It’s all about the genetics. DNA. Black & white.
A decade ago the U.S. government mandated that all citizens be issued biochips containing all of their medical information and an I.D. number indicating a person’s health. Then they made the information public—the implications of which are wide-spread and devastating.
Now on the eve of the 2032 presidential election, the country is deeply divided and on the brink of civil war. But as the two major political parties face off, innocent Americans are dying at the hands of masked terrorists. When the Liberty Party’s presidential nominee is assassinated in a highly-coordinated, masterful attack, it sets off a chain of events that will change the course of history and leave America’s inalienable rights—life, liberty and the pursuit of happiness—dangling on the precipice of extinction.
NATION OF ENEMIES is available from Amazon, Barnes & Noble and iTunes.
***Sometimes the comfort of reading fiction is knowing that it is not real. Sometimes that comfort comes as escapism from a fantasy story; sometimes it’s relief from a horror story; or empathy and compassion from a love story. We take comfort in the pretend. It is what we need to balance out the reality of everyday living.
But when a piece of fiction depicts such a plausible near future — and a dark, dystopian one at that — it is truly chilling. That’s what HA Raynes has done here. The sheer real-world plausibility of the plot of Nation of Enemies is what makes it riveting. And terrifying.
It’s set in the near future but it is a thriller, not a science-fiction story. Even though the setting of N.O.E. is the run up to the Presidential election of 2032, everything about this story feels like it could feasibly happen 17 years from now. The MedID technology. The prevalence of fundamentalist cults. Abhorrent terrorist acts. The power of the healthcare industry. Abuses of digital privacy. Abuses of political power. If those injustices aren’t already happening today…
At the same time, the characters are still humans. Not just humans, but human. They are relatable with ample flaws to accompany their strengths. The future setting doesn’t break the chain of their relate-ability.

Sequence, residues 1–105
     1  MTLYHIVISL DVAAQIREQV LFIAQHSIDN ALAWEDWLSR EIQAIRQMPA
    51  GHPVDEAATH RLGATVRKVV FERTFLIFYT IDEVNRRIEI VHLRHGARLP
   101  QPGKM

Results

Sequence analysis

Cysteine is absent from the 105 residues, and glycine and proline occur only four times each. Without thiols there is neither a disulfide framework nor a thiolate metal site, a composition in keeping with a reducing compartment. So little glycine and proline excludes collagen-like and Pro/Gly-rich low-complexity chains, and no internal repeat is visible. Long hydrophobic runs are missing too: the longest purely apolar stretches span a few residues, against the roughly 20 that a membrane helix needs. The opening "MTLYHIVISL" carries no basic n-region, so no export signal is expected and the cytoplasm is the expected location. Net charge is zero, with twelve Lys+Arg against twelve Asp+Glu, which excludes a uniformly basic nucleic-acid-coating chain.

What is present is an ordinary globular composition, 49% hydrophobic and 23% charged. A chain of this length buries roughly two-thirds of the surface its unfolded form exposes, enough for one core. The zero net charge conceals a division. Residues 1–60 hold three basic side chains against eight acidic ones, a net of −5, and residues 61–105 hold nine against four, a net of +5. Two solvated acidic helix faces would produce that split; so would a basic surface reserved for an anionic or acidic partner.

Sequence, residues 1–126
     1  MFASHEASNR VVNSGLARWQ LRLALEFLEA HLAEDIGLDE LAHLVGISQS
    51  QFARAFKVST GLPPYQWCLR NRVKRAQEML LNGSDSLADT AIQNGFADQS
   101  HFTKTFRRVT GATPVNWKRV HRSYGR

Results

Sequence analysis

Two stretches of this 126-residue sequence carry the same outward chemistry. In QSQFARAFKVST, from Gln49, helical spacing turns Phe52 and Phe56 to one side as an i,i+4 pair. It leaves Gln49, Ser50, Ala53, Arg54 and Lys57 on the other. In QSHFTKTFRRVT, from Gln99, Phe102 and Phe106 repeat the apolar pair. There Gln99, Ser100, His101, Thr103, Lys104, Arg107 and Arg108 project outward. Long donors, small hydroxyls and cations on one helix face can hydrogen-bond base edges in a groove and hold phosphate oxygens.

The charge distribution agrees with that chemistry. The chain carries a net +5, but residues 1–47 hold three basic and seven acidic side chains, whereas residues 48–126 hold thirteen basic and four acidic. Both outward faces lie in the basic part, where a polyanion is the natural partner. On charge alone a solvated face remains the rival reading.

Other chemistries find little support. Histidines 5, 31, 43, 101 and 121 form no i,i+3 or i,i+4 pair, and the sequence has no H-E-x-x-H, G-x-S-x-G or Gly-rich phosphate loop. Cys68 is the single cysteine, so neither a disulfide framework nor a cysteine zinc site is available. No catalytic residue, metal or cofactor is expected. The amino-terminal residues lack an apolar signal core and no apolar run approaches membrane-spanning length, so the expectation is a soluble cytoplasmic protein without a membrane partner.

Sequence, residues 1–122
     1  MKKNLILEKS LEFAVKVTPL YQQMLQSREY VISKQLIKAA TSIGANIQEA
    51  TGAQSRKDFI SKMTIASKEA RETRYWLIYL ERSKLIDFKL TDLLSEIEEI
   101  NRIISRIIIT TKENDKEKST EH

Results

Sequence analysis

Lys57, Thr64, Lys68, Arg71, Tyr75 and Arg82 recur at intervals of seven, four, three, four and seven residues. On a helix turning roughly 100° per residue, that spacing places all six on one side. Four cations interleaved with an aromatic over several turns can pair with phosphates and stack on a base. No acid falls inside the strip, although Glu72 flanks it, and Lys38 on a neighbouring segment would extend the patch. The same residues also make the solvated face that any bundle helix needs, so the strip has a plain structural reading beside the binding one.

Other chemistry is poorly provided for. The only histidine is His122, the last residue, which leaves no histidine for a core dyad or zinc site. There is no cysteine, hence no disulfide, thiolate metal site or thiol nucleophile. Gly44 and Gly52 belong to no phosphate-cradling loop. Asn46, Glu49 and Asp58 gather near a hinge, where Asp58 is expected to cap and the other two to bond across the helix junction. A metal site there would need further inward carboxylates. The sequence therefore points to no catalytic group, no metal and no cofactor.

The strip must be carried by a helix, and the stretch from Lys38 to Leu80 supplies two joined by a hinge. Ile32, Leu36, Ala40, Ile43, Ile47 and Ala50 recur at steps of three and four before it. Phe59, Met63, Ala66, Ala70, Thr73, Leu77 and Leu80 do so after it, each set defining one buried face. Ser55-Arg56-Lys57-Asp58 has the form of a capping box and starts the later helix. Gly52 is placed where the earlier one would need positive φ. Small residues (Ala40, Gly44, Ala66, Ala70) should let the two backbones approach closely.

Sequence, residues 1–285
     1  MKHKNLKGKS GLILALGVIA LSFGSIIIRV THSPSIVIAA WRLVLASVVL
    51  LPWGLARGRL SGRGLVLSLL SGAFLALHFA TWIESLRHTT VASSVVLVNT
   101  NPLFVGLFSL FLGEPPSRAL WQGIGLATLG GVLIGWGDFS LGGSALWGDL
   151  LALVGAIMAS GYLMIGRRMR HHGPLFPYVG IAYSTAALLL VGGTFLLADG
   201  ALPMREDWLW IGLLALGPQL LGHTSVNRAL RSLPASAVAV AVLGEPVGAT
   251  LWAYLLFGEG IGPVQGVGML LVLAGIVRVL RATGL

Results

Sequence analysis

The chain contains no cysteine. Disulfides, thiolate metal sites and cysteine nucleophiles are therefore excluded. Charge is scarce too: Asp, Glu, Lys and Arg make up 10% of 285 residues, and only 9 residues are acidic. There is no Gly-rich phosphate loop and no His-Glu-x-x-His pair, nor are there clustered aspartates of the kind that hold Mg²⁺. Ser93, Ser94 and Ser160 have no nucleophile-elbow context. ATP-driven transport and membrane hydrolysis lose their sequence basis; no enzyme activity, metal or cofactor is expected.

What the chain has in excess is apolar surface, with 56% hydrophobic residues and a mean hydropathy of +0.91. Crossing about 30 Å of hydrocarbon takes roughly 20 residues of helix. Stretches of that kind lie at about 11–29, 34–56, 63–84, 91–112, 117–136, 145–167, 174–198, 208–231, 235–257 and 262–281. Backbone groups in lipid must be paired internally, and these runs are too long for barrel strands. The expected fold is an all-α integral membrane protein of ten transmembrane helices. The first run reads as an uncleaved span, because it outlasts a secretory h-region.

It’s a quick engrossing read that ends up being a think piece about politics, privacy, family and fear and the role technology can (and will) play in all of these topics. Especially poignant in light of the 2016 elections.
***Raynes is a rare writer—a gifted storyteller of heart-pounding action who pens crystal-clean prose and complex characters. Nation of Enemies is a page-turner—make no mistake about it. I couldn’t put it down, and I found myself reading as fast as possible to find out what happens next. But there were also other moments when I found myself pausing to admire how Raynes crafts scenes and shifts between multiple narrators without pausing in tempo, action, or continuity.
The novel starts out with a bang: it grabs you and won’t let you go. Set in a near future-world in Boston where civil war has created a war-torn landscape, the novel alternates between the points of view of various characters whose lives are forever marred by violence and who try to bring down a terrorist group headed by a criminal mastermind. The book moves at breakneck speed, all the while going deep into the characters’ lives and making you think about the deeper issues of national safety and individual freedom—and what can happen when the best-laid intentions and ideas are sabotaged by fanatics and saboteurs.
Nation of Enemies is a timely novel about terrorism, technological invention, and the breakdown of government systems. It’s also a good-old-fashioned terrific read. Raynes is a novelist to watch out for.
H.A. Raynes was inspired to write Nation of Enemies by a family member who was a Titanic survivor and another who escaped Poland in World War II. Combining lessons from the past with a healthy fear of the modern landscape, this novel was born. A longtime member of Boston’s writing community, H.A. Raynes has a history of trying anything once (acting, diving out of a plane, white water rafting, and parenting). Writing and raising children seem to have stuck.